U.S. completes second hypersonic missile flight test
The Defense Advanced Research Projects Agency (DARPA) and the U.S. Air Force recently successfully tested a hypersonic cruise missile produced by Lockheed Martin, the country's second successful in-flight test of such a weapon.
- Certain missiles have been able to fly at hypersonic speeds for several decades now, but newer, specific types of hypersonic missiles are being developed to be highly maneuverable in flight, making them difficult to detect on radars and destroyed with missile defense systems.
DARPA did not say exactly when it and the Air Force conducted the test of Lockheed Martin's version of DARPA and the Air Force's Hypersonic Air-breathing Weapon Concept [HAWC].
- CNN, citing a defense official familiar with the matter, reported Tuesday that it occurred in mid-March.
- DARPA and the Air Force did not immediately respond to Axios' questions regarding the exact date of the recent test.
What they're saying: "This Lockheed Martin HAWC flight test successfully demonstrated a second design that will allow our warfighters to competitively select the right capabilities to dominate the battlefield,” Andrew Knoedler, HAWC program manager in DARPA's Tactical Technology Office, said in a statement.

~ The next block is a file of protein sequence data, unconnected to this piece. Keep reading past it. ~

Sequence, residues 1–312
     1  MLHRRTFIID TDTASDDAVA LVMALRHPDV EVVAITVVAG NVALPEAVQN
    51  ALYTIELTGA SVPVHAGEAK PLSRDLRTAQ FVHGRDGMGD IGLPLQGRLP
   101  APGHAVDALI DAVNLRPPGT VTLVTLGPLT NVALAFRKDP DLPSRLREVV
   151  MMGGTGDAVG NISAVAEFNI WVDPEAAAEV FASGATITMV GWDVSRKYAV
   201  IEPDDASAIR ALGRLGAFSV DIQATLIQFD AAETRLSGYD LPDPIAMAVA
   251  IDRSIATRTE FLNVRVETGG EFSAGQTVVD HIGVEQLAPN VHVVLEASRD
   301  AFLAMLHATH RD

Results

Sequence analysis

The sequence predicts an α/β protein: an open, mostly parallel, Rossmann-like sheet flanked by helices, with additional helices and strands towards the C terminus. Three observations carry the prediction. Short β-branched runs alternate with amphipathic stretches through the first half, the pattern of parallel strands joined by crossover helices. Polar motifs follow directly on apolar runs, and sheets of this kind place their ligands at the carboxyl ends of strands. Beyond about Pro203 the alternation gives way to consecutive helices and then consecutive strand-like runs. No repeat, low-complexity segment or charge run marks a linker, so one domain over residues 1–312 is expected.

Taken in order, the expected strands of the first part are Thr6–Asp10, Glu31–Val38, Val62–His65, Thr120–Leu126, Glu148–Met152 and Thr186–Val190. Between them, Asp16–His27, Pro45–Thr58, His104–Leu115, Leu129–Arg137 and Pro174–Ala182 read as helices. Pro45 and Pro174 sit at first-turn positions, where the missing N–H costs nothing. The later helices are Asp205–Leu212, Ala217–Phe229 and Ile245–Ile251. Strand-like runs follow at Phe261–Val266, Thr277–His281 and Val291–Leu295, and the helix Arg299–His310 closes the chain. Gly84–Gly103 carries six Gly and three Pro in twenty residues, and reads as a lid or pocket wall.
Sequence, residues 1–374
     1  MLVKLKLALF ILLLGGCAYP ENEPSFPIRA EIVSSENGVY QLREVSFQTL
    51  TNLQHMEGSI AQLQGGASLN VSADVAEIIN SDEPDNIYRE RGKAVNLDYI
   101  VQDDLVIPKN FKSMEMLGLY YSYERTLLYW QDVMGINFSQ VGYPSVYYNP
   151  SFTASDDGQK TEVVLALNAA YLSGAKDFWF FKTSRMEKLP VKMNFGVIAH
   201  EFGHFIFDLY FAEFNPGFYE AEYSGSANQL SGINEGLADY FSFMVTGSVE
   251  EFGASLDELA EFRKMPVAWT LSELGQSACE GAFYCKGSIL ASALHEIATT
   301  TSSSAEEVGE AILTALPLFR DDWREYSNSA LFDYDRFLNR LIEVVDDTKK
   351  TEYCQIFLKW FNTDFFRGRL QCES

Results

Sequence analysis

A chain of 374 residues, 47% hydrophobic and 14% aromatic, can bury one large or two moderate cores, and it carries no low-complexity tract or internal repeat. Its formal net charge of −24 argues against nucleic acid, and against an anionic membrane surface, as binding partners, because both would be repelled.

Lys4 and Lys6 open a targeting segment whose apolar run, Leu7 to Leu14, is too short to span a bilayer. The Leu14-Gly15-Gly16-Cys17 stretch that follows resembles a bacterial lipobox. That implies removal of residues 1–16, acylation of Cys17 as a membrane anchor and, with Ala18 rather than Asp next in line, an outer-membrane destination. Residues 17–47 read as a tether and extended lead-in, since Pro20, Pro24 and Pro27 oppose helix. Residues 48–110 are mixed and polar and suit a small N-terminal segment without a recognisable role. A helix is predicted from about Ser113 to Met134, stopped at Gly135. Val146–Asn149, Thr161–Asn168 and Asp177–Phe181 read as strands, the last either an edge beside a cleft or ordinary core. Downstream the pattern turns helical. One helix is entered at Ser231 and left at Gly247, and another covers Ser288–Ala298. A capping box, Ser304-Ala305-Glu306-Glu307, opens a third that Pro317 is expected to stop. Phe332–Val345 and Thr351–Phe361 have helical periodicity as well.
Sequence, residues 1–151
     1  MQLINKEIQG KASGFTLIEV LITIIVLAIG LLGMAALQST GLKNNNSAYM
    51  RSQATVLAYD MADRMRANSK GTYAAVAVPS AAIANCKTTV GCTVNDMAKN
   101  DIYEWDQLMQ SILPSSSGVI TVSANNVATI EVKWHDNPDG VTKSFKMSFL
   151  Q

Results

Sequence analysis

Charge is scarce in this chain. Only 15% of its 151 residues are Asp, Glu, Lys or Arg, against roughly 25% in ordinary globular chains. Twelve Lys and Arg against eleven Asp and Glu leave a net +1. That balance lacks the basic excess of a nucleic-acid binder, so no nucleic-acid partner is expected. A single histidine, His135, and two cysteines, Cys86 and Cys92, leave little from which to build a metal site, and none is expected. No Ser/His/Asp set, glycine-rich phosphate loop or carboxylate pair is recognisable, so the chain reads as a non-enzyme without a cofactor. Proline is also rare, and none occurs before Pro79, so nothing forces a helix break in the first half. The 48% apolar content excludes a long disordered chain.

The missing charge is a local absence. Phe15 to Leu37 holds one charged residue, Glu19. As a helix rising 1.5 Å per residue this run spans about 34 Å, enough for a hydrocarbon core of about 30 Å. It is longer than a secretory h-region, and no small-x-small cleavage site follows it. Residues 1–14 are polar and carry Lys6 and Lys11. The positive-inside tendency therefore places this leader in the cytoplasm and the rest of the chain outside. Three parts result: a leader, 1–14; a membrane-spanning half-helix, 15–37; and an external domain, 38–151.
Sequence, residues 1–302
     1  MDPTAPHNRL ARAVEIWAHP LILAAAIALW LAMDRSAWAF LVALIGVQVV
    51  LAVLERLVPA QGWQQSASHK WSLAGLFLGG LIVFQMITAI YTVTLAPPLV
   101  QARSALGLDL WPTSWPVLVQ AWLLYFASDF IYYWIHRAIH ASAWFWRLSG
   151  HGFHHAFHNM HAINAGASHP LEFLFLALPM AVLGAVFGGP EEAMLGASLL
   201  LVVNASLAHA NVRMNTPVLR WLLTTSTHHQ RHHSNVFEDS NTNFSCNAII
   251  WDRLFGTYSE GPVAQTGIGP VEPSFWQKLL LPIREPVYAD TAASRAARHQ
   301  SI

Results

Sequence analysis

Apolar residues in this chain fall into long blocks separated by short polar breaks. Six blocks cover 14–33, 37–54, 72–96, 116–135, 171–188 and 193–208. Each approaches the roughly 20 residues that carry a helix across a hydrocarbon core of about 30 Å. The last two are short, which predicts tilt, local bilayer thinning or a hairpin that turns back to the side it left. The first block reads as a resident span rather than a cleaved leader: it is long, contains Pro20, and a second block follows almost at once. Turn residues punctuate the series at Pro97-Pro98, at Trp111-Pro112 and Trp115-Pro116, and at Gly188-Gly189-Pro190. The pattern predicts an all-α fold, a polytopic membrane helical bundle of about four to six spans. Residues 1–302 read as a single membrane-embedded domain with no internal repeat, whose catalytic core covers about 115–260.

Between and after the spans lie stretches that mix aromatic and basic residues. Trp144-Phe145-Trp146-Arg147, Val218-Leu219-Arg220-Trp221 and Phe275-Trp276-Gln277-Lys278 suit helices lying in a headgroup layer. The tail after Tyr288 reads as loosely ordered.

- “These achievements increase the level of technical maturity for transitioning HAWC to a service program of record," he added.
- DARPA said the missile was dropped from an aircraft before accelerating to and maintaining a cruising speed five times faster than sound for an undisclosed period of time. The missile reached altitudes greater than 65,000 feet and flew for more than 300 nautical miles.
- China's hypersonic missile test last year caught U.S. intelligence officials by surprise.
- Along with Lockheed Martin, a separate missile from another U.S. contractor team reached hypersonic flight last September.